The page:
BME Seminar Series: Dr. Isabelle Deschenes, The Ohio State University
"Cardiac Sodium Channels: Lessons Learned from Bedside to Bench"
Modification in Na+ current (INa) is known to contribute to both cardiac arrhythmias from acquired heart diseases and inherited cardiac arrhythmias. Since the original cloning of the genes encoding for voltage-gated sodium channels and the recording of its function by patch-clamping, the a-subunit of the sodium channel was thought to be a monomer. However, our studies of mutations found in SCN5A linked to different arrhythmic syndromes led us to question the traditional idea of the sodium channel forming a monomer. In fact, we and others have shown that several Brugada Syndrome (BrS) mutations display dominant-negative effects (DN-effect), which could only be attributed to interaction between a-subunits within multimeric complexes. Similarly, we have shown that the defects of several BrS or LQT3 SCN5A mutations could be rescued by different SCN5A polymorphisms expressed on a separate construct, again supporting the idea of an a-a subunit interaction. We demonstrated using different experimental approaches that sodium channels form functional dimers. We also identified the region modulating the dimerization and found that this physical dimerization results in coupled gating of the sodium channels and involves 14-3-3. We further demonstrated that the biophysical coupling is dynamically modulated. Understanding of the mechanisms involved in channel dimerization and functional biophysical coupling could open the door to new approaches and targets to treat and/or prevent sodium channelopathies and dysregulation of INa in heart failure.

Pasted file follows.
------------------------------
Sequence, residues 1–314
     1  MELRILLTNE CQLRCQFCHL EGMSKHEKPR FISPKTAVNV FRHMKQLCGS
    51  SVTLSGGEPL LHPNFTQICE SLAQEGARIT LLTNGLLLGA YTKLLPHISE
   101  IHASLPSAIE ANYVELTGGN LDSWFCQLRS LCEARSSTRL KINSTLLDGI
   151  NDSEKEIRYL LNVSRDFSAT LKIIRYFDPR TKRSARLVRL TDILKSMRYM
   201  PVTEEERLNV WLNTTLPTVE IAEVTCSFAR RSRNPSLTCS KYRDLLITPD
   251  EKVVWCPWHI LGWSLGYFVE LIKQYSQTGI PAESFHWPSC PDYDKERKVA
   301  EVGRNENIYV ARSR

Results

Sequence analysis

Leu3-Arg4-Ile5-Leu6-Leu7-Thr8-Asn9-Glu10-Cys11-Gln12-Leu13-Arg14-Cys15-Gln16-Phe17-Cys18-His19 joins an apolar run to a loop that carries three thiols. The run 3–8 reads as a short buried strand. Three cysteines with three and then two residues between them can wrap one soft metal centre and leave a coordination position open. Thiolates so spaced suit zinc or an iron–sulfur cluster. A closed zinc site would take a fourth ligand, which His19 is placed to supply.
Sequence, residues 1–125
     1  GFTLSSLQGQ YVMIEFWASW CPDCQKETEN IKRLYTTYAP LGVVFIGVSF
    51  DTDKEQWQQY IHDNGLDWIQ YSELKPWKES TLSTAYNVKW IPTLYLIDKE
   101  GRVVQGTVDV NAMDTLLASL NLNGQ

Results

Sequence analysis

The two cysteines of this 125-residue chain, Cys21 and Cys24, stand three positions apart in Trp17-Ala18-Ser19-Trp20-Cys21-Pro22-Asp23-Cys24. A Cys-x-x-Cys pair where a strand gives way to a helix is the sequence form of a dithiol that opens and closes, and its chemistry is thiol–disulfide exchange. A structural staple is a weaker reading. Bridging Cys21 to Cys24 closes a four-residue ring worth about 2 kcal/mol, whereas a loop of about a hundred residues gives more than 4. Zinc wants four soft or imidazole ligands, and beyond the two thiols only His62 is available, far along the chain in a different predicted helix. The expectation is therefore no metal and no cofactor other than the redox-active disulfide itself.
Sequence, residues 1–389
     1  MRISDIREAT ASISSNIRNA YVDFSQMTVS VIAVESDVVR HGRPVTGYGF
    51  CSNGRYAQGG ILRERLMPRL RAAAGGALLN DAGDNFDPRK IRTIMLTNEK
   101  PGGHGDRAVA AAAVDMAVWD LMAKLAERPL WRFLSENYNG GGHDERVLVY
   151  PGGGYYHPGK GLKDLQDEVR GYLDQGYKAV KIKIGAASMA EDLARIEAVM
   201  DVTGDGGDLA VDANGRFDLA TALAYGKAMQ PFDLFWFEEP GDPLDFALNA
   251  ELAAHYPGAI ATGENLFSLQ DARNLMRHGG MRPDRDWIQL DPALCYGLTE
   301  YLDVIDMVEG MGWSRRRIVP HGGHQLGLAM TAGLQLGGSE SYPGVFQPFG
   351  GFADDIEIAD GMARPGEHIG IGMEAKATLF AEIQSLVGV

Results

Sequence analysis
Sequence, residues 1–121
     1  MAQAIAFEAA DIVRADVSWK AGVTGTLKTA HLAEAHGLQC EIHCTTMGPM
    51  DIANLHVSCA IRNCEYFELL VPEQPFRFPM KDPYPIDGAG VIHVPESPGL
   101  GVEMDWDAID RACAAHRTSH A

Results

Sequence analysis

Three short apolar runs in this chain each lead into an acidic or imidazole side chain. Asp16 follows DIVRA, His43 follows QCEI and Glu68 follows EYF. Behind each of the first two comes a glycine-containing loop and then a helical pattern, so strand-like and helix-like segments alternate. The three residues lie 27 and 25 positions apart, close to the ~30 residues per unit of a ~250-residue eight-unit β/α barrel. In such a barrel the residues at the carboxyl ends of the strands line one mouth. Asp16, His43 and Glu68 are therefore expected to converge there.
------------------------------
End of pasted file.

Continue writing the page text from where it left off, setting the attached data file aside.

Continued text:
Isabelle Deschênes, Ph.D. is Professor and Chair of the Department of Physiology and Cell Biology at The Ohio State University. She came to OSU in August of 2019 from Case Western Reserve University where she was Director of the Heart and Vascular Research Center at The MetroHealth System Dr. Deschênes’ research focuses on the molecular basis of cardiac arrhythmias. Her work provides key insights into the fundamental basis of our understanding of the electrical function of the heart, which is critical for the much-needed design of novel cardiac therapies for cardiac arrhythmias. Her work combines the use of molecular and electrophysiological techniques to study several inherited arrhythmias caused by defects in ion channels such as Long QT and Brudada Syndrome and more commons forms of arrhythmias dues to acquired disease states such as heart failure. Recently her work has focused on the study of the genotype-phenotype discordance observed in several inherited arrhythmias. Results obtained from her translational research focus on incomplete penetrance in inherited arrhythmias have also been applied to a more basic focus allowing her to make fundamental findings on ion channels structure, assembly, trafficking and transcriptional regulation all of which contribute to the development of arrhythmias. Her lab also has extensive experience studying the regulation of ion channels by miRNAs and transcriptional regulation of ion channels. Dr. Deschênes has authored or co-authored more than 100 original scientific manuscripts, chapters, reviews and abstracts. She serves on the review panels of numerous national and international study sections and is the past Chair of the NIH Electrical Signaling, Ion Transport, and Arrhythmias Study Section.